If you like your music with a southern vibe – especially music with its roots in the myriad of styles found in New Orleans – then you need to check out Marcia Ball’s show in Media.

Ball’s latest album is “Shine Bright,” which was released last year on Alligator Records and produced by Los Lobos’ sax player Steve Berlin.

“I’m still working ‘Shine Bright’,” said Ball, during a phone interview last week from her home in Austin, Texas. “We cut ‘Shine Bright’ in October and November. We recorded part of it in Louisiana and did eight songs in Austin, Texas.

“I’ve known Steve for a while. He was at an event in Austin and I thought – if he’s coming to Austin, maybe we can get together and do some recording. He did have some time and he was happy to do it.”

According to ball, “With ‘Shine Bright,’ I wanted to make the best Marcia Ball record I could make. It is a ridiculously hopeful, cheerful record.”

In doing so, she has put together the most musically substantial, hopeful and uplifting set of songs of her five-decade career. “Shine Bright” contains 12 songs (including nine originals), ranging from the title track’s rousing appeal for public and private acts of courage to the upbeat call to action of “Pots and Pans,” a song inspired by renowned Texas political writer and humorist Molly Ivins.

“In Louisiana, we recorded at a studio called Dockside Studio in Maurice,” said Ball, who was named Texas’ “State Musician” this year. “It’s a legendary studio. It’s where B.B. King recorded ‘Blues on the Bayou’ and it’s also where Buckwheat Zydeco made a lot of records.”

Over the years, there have been several stellar piano players from Louisiana who have made the region’s blend of blues, soul and swamp boogie famous around the world. The list is mostly male-dominated — Fats Domino, Huey “Piano” Smith, Dr. John, Allen Toussaint, Professor Longhair — but also includes Marcia Ball.

Ball’s music has always been able to blend Gulf Coast blues, New Orleans R&B, swampy Louisiana ballads, and jumping, Tex-­‐Mex flavored zydeco into a one­‐of­‐a­‐kind musical gumbo — a sound she has been perfecting over the course of her legendary career.

Ball received the 2014 Blues Music Award (BMA) for the Pinetop Perkins Piano Player of the Year. She has now won a total of 10 BMAs and has received a whopping 44 nominations. Ball recently received a 2015 Living Blues Readers’ Poll Award for Most Outstanding Musician (Keyboard) and now holds nine Living Blues Awards in all.

She was inducted into the Gulf Coast Hall of Fame in 2010 and into the Louisiana Music Hall of Fame in 2012. This year, she was inducted into the Austin City Limits Hall Of Fame – along with Los Lobos and Ray Charles.

Ball released her first album in 1972. Her career is still going full-tilt 46 years later and her popularity continues to grow.

It was back in the early 1970s when she immersed herself in the music of the great New Orleans piano players — especially Professor Longhair. Her solo album debut was a country-rock album called “Circuit Queen” that was released in 1978 on Capitol Records.

Before long, Ball developed her own sound which was much more in line with the sweat-drenched music played in clubs in the Texas-Louisiana border region than with traditional country music. She released six critically acclaimed albums on the Rounder label during the 1980s and 1990s.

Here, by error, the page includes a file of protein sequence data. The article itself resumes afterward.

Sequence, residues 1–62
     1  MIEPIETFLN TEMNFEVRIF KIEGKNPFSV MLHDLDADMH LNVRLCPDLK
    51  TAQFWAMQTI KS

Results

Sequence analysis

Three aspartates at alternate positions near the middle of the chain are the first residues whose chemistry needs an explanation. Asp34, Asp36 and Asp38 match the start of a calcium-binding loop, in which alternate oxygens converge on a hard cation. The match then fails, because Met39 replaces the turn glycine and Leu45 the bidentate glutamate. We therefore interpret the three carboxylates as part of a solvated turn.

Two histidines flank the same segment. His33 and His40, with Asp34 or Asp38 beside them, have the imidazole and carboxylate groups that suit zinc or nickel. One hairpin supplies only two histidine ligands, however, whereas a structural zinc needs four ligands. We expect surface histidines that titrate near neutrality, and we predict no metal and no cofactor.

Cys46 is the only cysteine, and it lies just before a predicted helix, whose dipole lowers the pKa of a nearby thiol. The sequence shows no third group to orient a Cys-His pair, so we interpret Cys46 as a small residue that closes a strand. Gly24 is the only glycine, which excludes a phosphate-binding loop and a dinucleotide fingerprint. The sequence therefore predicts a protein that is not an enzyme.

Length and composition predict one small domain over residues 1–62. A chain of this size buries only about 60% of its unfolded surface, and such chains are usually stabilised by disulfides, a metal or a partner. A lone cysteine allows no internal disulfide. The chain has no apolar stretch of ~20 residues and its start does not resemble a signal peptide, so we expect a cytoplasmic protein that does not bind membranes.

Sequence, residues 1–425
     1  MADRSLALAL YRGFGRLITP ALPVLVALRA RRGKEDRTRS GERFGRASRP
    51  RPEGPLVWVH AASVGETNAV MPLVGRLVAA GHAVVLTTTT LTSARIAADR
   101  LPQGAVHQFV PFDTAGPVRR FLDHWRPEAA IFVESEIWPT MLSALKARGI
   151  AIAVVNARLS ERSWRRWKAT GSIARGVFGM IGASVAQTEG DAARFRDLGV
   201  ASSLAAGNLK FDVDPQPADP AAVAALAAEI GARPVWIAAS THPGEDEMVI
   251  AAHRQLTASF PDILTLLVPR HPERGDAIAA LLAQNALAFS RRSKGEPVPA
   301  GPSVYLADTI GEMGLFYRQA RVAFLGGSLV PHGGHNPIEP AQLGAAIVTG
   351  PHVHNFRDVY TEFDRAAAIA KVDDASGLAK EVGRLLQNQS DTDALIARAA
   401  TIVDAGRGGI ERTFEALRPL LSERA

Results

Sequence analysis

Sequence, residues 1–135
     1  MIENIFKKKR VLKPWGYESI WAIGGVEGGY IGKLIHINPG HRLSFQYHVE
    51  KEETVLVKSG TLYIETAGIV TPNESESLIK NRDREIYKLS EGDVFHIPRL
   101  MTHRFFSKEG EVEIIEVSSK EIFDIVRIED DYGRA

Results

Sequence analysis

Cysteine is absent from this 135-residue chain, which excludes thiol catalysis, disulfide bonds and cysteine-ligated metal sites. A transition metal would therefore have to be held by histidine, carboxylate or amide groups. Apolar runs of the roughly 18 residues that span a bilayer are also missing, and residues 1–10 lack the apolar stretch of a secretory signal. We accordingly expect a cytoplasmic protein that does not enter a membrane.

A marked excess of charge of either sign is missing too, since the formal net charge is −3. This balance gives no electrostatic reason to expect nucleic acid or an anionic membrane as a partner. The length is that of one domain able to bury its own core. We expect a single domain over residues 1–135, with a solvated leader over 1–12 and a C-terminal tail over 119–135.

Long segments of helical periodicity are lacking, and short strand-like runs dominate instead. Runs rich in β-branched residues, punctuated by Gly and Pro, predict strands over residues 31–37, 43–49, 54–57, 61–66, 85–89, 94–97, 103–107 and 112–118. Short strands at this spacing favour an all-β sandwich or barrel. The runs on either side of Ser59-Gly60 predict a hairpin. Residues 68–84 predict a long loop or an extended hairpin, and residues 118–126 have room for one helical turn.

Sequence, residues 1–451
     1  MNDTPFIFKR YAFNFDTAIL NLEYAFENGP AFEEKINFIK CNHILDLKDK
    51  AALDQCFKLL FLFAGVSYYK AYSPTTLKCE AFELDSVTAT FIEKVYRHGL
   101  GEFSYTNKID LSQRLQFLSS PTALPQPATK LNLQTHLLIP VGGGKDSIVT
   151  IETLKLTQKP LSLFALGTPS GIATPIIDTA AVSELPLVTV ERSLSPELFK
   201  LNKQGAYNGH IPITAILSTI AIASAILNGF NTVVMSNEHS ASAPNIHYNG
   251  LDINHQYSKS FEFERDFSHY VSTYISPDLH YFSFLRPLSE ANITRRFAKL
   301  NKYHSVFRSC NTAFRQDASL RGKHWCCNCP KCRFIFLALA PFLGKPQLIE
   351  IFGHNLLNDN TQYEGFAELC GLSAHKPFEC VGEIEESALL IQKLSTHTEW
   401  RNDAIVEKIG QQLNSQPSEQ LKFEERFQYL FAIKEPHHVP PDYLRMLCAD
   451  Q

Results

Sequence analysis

The Louisiana vibe became more pronounced when she moved to Alligator Records in 2001. She has recorded seven albums for Alligator, including “Roadside Attractions”, which received a 2011 Grammy Award nomination in the Best Blues Album category.

“I’m still a little studio shy — and I don’t write that much,” said Ball. “I make a lot of notes, hum songs into my cell phone and then finally sit at a piano at home. I’m busy and it’s hard to find time to write with so much going on.”

Even though Ball has been recording and touring for more than four decades, the spirited veteran is showing no signs of slowing down.

“I’m still doing more than 100 shows a year and that’s fine,” said Ball. “I play clubs and theaters and do a few festivals each year.

“I never get tired of being on the road because home is where the homework is. My band is what it is — a five-piece with bass, drums, guitar, sax and me on keyboards and vocals.”

Ball and her band members all have roots in the Louisiana/Texas music scene.

“I grew up in Louisiana,” said Ball. “I was listening to New Orleans music, Fats Domino, Little Richard, Jerry Lee Lewis. I also listened to a lot of blues musicians who did gigs in Baton Rouge. I have a lot of R&B in my background along with the great legacy of Delta music.”

It’s now been a while since Ball has been in the recording studio.

“We’re thinking about what we’re going to do – what do we have here – how do you sell music,” said Ball. “I haven’t been in the studio since ‘Shine Bright.’ I’m thinking about making a new album when I’ve got a dozen songs. But maybe I’ll do it bit-by-bit.

“I’m also working on a musical. I’m writing songs I can play and put words to but not sing. It was written by Lawrence Wright, who is a famous author. He had this play written and wanted it ot be a musical. It’s about Texas politics. It’s a comedy and it’s a tragedy.”

Video link for Marcia Ball – https://youtu.be/kqB8PqOORls.

Some of the other featured acts will be Philly Gumbo, the Lonnie Shields Band, Deb Callahan, Lisa Chavous, Laura Cheadle, Steve Guyger & The Excellos, Kim Trusty, Lost Northern Tribe, Ben Tinsley, Johnny Never, Carol Moog, Andrea Carlson, and Gary Cogdill.

Tickets for the State Street Blues Stroll are $30. For additional information, call (610) 566-5039 or visit www.statestreetblues.com

Dylan LeBlanc